Epidemiologist Behind Famous Wuhan Virus Model Lowers Original Projection
Epidemiologist Neil Ferguson, who gained international attention for creating the highly-cited Imperial College London Wuhan virus model which The New York Times has referenced and has played a major role in influencing governments worldwide, put forward a significantly downgraded projection of the expected death toll on Wednesday, March 25, 2020.
According to Ferguson’s original model, 2.2 million people were expected to die in the United States and 500,000 in the United Kingdom from the Wuhan Virus if no action was taken to slow the spread of the virus and soften the curve. The model estimated significantly fewer deaths if lockdown measures were implemented.
Following one day of mandatory lockdowns in the U.K., Ferguson is now putting forward downgraded estimates. He credited the lockdown policies, but also revealed that far more people have contracted the virus than his team expected.
Ferguson clarified, “I should admit, we’ve always been sensitive in the analysis in the modeling to a variety of levels or values to those quantities. What we’ve been seeing, though, in Europe in the last week or two is a rate of growth of the epidemic which was faster than we expected from early data in China. And so we are revising our quotes, our central best estimate of the reproduction… something more, a little bit above of the order of three or a little bit above rather than about 2.5.” He added, “the current values are still within the wide range of values which modeling groups [unintelligible] we should have been looking at previously.”
A higher rate of transmission than expected signifies that more people have contracted the virus than previously estimated. When the number of individuals with the Wuhan Virus is divided by the number of deaths, the mortality rate for the virus falls.
According to a report from the New Scientist on March 25, 2020, 20,000 people or fewer will die from the Wuhan virus based on the new lockdown procedures and the new projections. Hospitals are also expected to be able to take in Wuhan Virus patients without problems.
Ferguson’s modifications came days following Oxford epidemiologist Sunetra Gupta critique of the professor’s model.
“I am surprised that there has been such unqualified acceptance of the Imperial model,” Gupta declared, according to the Financial Times.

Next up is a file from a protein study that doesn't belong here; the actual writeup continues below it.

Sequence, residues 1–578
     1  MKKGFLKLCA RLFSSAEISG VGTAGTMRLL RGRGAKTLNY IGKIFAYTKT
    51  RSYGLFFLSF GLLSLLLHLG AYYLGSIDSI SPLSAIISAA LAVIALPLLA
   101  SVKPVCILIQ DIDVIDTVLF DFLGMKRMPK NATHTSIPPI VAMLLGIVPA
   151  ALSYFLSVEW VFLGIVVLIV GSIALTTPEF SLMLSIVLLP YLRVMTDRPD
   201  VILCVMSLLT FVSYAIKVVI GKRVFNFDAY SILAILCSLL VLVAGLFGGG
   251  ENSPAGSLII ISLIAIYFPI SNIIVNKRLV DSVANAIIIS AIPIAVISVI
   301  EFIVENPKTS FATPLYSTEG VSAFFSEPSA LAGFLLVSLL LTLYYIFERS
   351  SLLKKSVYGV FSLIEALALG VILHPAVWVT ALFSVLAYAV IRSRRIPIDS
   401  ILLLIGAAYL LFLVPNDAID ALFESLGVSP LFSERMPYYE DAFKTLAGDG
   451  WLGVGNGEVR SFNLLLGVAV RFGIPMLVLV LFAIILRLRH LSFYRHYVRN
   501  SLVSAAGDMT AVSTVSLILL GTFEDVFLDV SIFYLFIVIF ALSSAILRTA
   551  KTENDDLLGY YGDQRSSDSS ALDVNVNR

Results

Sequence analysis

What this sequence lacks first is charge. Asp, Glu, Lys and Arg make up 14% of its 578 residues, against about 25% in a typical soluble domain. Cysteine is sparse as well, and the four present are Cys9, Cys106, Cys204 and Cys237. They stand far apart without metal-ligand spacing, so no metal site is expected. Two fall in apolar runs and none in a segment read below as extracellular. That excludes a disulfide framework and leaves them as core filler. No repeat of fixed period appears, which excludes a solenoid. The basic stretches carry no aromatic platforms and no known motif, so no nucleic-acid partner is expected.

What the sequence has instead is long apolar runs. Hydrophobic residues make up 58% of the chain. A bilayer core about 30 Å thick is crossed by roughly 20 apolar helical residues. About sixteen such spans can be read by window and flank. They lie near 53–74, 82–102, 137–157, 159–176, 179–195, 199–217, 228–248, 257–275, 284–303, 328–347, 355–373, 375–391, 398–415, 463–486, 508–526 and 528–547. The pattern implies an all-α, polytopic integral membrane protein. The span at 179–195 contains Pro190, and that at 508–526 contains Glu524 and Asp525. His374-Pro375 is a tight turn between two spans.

Professor Gupta was in charge of a team of researchers at Oxford in a modeling study which hints at the virus being invisibly spread for at least a month earlier than expected. The study concluded that up to half of the people in the United Kingdom have already contracted the Wuhan Virus.
If Gupta’s model is accurate, fewer than one in a thousand who’ve contracted the Wuhan Virus become sick enough require hospitalization, which leaves the overwhelming majority with mild cases or free of symptoms of the virus.
Ferguson made a statement on social media on Thursday to “clear up confusion” about his modified estimates:
I think it would be helpful if I cleared up some confusion that has emerged in recent days. Some have interpreted my evidence to a UK parliamentary committee as indicating we have substantially revised our assessments of the potential mortality impact of COVID-19. This is not the case. Indeed, if anything, our latest estimates suggest that the virus is slightly more transmissible than we previously thought. Our lethality estimates remain unchanged. My evidence to Parliament referred to the deaths we assess might occur in the UK in the presence of the very intensive social distancing and other public health interventions now in place. Without those controls, our assessment remains that the UK would see the scale of deaths reported in our study (namely, up to approximately 500 thousand).
1/4 – I think it would be helpful if I cleared up some confusion that has emerged in recent days. Some have interpreted my evidence to a UK parliamentary committee as indicating we have substantially revised our assessments of the potential mortality impact of COVID-19.
— neil_ferguson (@neil_ferguson) March 26, 2020